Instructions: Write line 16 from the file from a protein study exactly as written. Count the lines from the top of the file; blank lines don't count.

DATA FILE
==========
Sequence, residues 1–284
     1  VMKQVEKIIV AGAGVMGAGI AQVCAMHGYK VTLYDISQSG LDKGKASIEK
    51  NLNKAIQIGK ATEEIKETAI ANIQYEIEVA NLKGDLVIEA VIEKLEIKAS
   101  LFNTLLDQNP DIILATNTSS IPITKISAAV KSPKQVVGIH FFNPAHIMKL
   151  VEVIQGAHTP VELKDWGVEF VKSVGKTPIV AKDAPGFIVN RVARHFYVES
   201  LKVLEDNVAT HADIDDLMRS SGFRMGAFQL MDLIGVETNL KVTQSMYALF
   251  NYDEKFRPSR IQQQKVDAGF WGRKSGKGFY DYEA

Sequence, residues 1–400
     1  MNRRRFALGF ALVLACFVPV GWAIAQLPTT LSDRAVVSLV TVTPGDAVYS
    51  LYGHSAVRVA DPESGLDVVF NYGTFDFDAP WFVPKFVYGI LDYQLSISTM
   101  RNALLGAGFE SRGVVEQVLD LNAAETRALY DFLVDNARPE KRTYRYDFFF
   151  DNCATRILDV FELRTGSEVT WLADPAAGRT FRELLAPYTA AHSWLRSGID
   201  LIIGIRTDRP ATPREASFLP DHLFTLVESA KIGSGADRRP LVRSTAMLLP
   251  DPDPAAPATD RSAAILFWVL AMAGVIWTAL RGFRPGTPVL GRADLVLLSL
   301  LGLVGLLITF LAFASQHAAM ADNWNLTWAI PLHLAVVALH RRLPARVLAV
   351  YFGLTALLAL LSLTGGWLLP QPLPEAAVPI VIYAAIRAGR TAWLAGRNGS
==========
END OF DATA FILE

   351  YFGLTALLAL LSLTGGWLLP QPLPEAAVPI VIYAAIRAGR TAWLAGRNGS